On my left hand, my pinky finger and my ring finger has been numb and tingly and also my arm and part of the left side of my hand(near my pinky finger) has some tingling in it for about 2 days.
Does anyone know what this might be?
How long has this been going on Marie?
do you work at the computer for many hours or do you have a dx of arthritis?
gosh, it can be a few things I guess, but the best way of knowing is to see a dr. if it doesn't go away and it's really bothering you.
i have arthritis and other things going on in my body and I too get numbness and tingling in my fingers and hands and arms at night in bed. it's horrible. it's as if I had a stroke at times. does your numbness happen at certain times of the day? or when you're laying down or sitting up?
I hope others join in with some ideas for you. as you see I haven't been able to really give you any definitive answers.
I hope you get some help and hope it doesn't get worst for you.
I too get this in my hands although I have plastic joints in all fingers and pins - but had more tests done and found out the tingling/numbness is due to carpel tunnel as well - which is gonna be operated soon. It feels worse in the morning sometimes but not sure if i have slept funny. Mite be worth getting ur doc to check carpel tunnel out. Unfortunately my nerves have been slightly damaged in past ops which doesn't help - so mite be worth asking ur doc that too.
Hope this helps a little.
Good luck hun.
It could be your ulnar nerve being compressed. numerous things can effect it and cause the numbness in your pinky finger and ring finger to get numb.
It's called " cubital tunnel syndrome". not the same as carpal tunnel syndrome.
What is the cubital tunnel?
The ulnar nerve actually starts at the side of the neck, where the individual nerve roots leave the spine. The nerve roots exit through small openings between the vertebrae. These openings are called foramen.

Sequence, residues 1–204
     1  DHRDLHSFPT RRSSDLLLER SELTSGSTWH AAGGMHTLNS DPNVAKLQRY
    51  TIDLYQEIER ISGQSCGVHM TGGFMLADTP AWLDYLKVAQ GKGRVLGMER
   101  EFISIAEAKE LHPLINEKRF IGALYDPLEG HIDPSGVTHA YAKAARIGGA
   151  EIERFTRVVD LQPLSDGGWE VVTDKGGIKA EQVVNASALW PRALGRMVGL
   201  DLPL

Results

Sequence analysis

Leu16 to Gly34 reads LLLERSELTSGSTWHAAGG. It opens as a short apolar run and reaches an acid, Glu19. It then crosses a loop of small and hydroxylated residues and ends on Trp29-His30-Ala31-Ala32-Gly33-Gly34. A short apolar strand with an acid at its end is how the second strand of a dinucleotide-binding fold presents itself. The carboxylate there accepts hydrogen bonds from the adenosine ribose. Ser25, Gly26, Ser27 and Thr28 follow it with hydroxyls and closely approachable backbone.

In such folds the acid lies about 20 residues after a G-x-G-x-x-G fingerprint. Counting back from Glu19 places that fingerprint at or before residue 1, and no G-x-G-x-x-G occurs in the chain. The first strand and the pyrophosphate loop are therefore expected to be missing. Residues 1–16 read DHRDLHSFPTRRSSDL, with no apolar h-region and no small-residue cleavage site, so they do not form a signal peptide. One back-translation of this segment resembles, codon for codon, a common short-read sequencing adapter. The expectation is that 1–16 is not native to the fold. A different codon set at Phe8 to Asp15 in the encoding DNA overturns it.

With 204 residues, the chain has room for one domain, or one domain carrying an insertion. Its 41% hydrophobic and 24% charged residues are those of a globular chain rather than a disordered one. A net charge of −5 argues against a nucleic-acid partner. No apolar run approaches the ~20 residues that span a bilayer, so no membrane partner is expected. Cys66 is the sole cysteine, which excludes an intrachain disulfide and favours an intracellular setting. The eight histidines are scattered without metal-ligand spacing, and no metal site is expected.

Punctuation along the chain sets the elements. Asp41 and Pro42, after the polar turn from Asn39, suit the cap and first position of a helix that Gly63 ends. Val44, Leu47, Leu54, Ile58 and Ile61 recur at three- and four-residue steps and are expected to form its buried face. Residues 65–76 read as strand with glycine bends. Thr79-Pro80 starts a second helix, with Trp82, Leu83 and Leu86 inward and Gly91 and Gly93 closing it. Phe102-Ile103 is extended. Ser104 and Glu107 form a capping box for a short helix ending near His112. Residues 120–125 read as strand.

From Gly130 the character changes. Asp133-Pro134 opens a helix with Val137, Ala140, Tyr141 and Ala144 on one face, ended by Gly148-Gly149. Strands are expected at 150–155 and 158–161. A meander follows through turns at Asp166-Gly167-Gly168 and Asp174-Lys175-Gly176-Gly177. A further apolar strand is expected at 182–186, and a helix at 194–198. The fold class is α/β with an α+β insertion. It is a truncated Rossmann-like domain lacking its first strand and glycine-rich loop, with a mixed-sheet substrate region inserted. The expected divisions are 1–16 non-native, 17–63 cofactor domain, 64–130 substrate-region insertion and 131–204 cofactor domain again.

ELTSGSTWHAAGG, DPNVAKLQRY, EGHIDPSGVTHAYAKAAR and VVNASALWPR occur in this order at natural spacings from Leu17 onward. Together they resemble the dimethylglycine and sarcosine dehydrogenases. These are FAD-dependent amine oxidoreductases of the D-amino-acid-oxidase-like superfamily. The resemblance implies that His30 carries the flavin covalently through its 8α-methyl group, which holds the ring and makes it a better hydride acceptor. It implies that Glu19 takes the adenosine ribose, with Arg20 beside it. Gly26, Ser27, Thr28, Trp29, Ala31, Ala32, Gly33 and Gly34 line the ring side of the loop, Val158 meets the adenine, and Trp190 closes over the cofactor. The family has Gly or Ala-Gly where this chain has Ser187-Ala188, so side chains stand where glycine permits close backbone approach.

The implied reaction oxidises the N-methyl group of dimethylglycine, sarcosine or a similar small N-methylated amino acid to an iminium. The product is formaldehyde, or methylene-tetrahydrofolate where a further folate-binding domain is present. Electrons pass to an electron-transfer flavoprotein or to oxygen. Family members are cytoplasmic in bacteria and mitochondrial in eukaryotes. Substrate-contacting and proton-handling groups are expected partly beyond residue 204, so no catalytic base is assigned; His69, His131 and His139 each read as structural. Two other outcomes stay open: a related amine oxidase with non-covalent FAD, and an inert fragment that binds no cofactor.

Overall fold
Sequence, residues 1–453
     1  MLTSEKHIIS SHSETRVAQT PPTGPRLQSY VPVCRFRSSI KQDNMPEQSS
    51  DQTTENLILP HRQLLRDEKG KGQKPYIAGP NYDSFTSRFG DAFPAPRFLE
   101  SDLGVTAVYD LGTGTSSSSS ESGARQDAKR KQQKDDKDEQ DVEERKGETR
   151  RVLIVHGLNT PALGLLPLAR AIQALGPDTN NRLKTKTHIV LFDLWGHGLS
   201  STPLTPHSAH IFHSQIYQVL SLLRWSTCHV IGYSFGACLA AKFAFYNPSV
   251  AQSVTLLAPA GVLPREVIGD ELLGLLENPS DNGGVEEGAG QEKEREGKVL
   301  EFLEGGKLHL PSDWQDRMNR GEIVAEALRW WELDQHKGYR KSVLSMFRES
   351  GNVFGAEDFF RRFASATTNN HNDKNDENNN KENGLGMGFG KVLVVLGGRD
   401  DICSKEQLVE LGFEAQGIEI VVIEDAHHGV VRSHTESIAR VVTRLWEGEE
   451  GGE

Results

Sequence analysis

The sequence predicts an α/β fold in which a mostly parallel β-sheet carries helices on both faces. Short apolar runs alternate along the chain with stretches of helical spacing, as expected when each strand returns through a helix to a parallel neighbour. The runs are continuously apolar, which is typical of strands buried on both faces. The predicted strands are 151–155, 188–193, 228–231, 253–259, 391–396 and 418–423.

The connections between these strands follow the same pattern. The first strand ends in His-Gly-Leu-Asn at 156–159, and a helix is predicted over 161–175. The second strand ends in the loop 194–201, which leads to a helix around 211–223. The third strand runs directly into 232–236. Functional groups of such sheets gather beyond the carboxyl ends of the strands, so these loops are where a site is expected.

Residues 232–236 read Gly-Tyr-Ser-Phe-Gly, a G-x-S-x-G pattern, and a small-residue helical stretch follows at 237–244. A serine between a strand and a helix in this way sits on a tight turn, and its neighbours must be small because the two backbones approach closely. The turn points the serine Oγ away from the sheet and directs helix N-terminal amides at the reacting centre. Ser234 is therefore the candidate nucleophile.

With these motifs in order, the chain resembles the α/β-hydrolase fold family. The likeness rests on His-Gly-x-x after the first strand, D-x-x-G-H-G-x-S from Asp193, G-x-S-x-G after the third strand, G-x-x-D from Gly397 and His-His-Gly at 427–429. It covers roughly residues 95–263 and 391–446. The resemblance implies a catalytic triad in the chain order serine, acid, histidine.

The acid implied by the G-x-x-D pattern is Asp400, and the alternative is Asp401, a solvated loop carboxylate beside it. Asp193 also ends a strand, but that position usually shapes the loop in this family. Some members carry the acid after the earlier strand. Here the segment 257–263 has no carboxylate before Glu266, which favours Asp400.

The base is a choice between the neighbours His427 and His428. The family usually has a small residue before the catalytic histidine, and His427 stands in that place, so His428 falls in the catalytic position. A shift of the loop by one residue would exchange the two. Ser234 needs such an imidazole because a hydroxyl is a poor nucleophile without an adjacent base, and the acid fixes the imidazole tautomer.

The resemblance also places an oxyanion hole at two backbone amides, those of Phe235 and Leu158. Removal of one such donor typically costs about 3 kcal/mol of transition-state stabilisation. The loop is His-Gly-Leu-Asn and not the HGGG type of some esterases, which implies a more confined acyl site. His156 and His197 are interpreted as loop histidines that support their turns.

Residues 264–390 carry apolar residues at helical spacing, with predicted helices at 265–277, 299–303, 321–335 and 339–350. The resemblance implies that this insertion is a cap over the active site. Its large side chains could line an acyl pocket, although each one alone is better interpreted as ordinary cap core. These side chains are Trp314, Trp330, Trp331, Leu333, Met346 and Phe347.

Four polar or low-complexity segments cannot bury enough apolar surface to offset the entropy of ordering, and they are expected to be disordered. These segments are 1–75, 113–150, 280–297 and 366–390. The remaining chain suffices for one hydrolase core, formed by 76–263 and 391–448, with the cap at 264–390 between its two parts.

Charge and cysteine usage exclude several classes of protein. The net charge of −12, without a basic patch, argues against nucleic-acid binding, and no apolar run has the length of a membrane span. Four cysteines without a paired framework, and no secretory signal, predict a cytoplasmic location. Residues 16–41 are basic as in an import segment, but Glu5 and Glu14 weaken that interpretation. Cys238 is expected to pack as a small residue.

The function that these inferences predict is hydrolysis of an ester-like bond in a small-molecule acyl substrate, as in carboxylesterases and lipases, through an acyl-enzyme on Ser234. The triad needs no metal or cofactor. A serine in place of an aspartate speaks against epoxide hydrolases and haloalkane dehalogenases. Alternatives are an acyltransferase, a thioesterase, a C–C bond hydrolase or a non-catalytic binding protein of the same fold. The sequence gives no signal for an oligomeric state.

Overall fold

The nerve roots join together to form three main nerves that travel down the arm to the hand. One of these nerves is the ulnar nerve.
The ulnar nerve passes through the cubital tunnel just behind the inside edge of the elbow. The tunnel is formed by muscle, ligament, and bone. You may be able to feel it if you straighten your arm out and rub the groove on the inside edge of your elbow.
The ulnar nerve passes through the cubital tunnel and winds its way down the forearm and into the hand. It supplies feeling to the little finger and half the ring finger and controls the small muscles of the hand.
Cubital tunnel syndrome has several possible causes. Part of the problem may lie in the way the elbow works. The ulnar nerve actually stretches several millimeters when the elbow is bent. Sometimes the nerve will shift or even snap over the bony medial epicondyle. (The medial epicondyle is the bony point on the inside edge of the elbow.) Over time, this can cause irritation.
One common cause of problems is frequent bending of the elbow--pulling levers, reaching, or lifting. Constant direct pressure on the elbow over time may also lead to cubital tunnel syndrome. The nerve can be irritated from leaning on the elbow while you sit at a desk or from using the elbow rest during a long drive or while running machinery. The ulnar nerve can also be damaged from a blow to the cubital tunnel.
Symptoms of cubital tunnel syndrome can feel like numbness on the inside of the hand and in the ring and little fingers. this is an early sign of cubital tunnel syndrome. The numbness may develop into pain. The numbness is often felt when the elbows are bent for long periods, such as when talking on the phone or while sleeping. The hand and thumb may also become clumsy as the muscles become affected.
Tapping or bumping the nerve in the cubital tunnel will cause an electric shock sensation down to the little finger. This is called Tinel's sign.
Doctors will need to tell whether your problem is from golfer's elbow or cubital tunnel syndrome. The main difference is that cubital tunnel syndrome causes symptoms of numbness in the ring and pinky fingers, not just pain in the forearm.
Your doctor will then do a physical exam. The cubital tunnel is only one of several spots where the ulnar nerve may be getting pinched. Your doctor will try to find the exact spot that is causing your symptoms. The prodding may hurt, but it is very important to pinpoint the area that is causing you trouble.
You may need to do special tests to get more information about the nerve. One common test is the nerve conduction velocity (NCV) test. The NCV test measures the speed of the impulses traveling along the nerve. Impulses are slowed when the nerve is compressed or constricted.